Collection

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Definition A collection is an organized, systematic form of purposeful aggregation, grouping or arrangement of elements, that has an identity of its own separate from the identity of the elements.
Explanation A collection's metadata should provide one or more reasons why this particular group of elements belongs together as part of a collection process.

Collections are often associated with archives and repositories and their services.

Examples A collection of books in a library. In this case the library serves as a repository for selected books and other media.

Collections usually serve multiple functions, such as selection and collocation of related materials, narrowing of search scope, and clarification of information needs.

References H. L. Lee, H. L. “The concept of collection from the user’s perspective.” Library Quarterly, 75 (1), 67-85. 2005.
Scope RDA Term Collection Core
Status New


Definition Collection is defined as "a group of objects gathered together for some intellectual, artistic, or curatorial purpose."
Explanation
Examples
References "Representing Cultural Collections in Digital Aggregation and Exchange Environments"

http://www.dlib.org/dlib/may14/wickett/05wickett.html

Europeana Data Model (EDM)

Scope RDA Term Collection Core
Status New


Definition A collection is a digital object which is identified by a PID and consists of a set or a list of PIDs/Ids and a set of additional pointers/links and metadata together with each PID/Id.

A collection can be given explicitely by naming each PIDs/Id directly as well as implicitly by a generating rule.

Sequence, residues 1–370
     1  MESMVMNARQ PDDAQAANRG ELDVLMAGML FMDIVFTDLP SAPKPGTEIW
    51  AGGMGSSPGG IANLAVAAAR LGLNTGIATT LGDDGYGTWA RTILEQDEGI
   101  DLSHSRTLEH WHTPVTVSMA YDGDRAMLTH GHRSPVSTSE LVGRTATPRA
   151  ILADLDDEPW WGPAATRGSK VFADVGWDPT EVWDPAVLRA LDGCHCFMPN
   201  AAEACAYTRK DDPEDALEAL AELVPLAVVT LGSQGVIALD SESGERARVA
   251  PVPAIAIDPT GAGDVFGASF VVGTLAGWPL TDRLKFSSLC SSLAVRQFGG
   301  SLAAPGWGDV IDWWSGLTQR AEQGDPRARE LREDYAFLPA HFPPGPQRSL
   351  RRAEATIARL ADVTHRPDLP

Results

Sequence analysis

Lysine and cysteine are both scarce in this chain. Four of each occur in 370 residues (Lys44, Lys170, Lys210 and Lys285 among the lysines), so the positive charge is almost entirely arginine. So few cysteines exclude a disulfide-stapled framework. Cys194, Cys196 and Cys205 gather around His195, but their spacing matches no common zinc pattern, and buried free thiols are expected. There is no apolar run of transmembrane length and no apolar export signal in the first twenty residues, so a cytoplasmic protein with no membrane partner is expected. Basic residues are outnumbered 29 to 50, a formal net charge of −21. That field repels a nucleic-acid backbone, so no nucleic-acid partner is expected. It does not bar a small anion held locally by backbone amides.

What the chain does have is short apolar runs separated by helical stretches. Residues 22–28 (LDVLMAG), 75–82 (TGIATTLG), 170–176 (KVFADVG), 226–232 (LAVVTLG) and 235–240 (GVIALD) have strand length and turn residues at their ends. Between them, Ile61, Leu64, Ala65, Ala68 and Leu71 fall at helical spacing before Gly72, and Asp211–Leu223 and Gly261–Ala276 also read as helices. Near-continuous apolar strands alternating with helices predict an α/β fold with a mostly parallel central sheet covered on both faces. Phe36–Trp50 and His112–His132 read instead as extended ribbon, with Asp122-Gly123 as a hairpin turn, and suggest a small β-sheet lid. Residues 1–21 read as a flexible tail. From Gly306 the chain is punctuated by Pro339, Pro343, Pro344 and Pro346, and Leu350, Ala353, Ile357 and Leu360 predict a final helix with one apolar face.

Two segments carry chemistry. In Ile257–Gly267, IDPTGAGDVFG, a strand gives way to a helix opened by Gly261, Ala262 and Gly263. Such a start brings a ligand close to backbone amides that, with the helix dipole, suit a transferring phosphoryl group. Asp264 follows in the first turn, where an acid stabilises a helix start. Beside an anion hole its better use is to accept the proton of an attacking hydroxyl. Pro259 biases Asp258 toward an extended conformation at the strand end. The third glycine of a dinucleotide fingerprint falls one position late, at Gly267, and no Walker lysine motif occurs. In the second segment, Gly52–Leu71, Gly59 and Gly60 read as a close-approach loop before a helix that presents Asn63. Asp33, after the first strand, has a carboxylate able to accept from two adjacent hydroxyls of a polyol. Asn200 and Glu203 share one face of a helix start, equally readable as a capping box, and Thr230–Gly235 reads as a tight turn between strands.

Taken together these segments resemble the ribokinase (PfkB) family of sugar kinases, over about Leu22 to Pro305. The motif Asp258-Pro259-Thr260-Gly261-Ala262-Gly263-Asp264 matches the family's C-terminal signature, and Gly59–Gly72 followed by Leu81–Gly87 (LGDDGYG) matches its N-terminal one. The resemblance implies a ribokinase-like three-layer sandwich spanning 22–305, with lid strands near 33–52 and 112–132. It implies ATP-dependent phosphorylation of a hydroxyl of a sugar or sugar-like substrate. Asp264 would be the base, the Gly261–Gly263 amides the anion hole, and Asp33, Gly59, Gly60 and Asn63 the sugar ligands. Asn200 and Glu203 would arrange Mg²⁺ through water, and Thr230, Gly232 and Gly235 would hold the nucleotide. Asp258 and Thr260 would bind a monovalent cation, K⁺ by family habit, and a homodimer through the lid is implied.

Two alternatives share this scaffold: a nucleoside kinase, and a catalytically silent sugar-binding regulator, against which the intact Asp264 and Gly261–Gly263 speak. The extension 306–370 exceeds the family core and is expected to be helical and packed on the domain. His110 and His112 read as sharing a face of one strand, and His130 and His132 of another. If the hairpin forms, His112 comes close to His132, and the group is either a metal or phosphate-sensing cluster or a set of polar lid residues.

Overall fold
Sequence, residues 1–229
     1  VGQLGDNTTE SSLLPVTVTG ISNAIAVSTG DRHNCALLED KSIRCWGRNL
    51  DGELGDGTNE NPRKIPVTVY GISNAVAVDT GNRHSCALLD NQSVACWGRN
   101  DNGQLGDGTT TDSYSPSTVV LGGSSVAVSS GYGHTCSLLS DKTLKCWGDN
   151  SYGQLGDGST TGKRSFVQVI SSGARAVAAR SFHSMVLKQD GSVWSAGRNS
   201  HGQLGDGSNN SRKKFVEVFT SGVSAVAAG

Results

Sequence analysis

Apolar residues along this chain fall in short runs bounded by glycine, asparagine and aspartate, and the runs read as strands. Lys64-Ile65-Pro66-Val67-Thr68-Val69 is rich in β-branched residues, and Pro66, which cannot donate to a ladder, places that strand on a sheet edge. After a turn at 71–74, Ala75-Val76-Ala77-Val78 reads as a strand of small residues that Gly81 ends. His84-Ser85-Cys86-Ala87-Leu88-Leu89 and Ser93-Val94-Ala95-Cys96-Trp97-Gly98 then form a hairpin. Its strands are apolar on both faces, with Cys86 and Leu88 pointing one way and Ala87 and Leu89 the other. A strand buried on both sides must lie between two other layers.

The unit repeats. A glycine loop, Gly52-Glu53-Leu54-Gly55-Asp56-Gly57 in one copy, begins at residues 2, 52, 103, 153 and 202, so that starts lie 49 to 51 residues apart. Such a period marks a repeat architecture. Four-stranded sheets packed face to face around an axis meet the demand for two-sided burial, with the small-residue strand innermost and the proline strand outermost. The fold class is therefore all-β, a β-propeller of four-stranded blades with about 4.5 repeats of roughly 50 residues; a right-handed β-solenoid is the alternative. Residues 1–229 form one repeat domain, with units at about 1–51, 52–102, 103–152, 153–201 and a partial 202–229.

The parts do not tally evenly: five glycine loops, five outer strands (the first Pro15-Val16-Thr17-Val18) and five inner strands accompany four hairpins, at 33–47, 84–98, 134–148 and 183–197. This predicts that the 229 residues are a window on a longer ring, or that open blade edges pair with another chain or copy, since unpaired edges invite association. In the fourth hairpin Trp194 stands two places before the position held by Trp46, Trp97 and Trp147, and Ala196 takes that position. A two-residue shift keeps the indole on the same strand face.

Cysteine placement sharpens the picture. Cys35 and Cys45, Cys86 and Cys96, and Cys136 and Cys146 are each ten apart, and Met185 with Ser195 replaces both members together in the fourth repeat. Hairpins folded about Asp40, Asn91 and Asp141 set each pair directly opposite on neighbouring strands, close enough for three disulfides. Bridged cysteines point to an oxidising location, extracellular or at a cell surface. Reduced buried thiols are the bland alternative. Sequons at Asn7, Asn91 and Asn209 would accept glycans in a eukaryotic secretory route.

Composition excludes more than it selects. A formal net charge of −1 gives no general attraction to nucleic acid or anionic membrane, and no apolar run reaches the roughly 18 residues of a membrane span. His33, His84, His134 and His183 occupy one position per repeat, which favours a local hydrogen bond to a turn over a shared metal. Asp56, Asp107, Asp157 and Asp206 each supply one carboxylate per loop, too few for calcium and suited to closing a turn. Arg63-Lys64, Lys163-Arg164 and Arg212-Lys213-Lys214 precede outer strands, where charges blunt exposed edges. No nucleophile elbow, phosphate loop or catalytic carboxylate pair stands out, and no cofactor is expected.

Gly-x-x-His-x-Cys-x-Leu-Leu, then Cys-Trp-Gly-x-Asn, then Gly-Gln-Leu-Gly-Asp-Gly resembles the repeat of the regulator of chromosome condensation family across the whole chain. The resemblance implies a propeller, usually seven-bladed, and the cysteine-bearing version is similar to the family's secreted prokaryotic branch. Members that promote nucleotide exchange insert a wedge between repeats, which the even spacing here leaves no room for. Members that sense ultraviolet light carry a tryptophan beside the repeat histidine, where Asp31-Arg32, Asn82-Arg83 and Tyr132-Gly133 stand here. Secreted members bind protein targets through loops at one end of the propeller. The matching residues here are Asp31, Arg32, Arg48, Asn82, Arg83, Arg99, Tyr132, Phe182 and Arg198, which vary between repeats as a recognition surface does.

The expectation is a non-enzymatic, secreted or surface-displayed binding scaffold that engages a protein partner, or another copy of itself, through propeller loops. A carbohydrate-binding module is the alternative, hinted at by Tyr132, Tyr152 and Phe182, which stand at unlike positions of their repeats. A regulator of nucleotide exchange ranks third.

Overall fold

A collection is called finite, if the set of PIDs/Ids, generated by iteratively resolving its "sub-"collections, is finite.

Explanation By definition a collection can contain other "sub-"collections. A collection and its sub-collections define a graph and this way a finite collection becomes a finite graph.

Suggestion: only finite collections should be under investigation of the Research Data Collections WG. Otherwise one has to guarantee self-consistency of the definition, and also the proof of finitness for processes becomes in general much harder.

Examples 1) Given a digital object together with its earlier versions:

a) the collection PID points to a set/list of all the PIDs/Ids pointing to an earlier version. In a set the previous relation would be lost, in a list it can be contained in the order of the PIDs/Ids.

b) the collection PID points to a set/list of one PID/Id pointing to the digital object and one PID/Id representing the previous version, which again points to a set/list of one PID/Id pointing to the digital object and one PID/Id representing the now previous version, and so on.

2) Try to interpret the OAI-ORE example (URI http://arxiv.org/abs/astro-ph/0601007) of the Primer User' Guide in the context of this definition.

References OAI-ORE example: http://www.openarchives.org/ore/1.0/primer
Scope BOF PID Collections
Status In discussion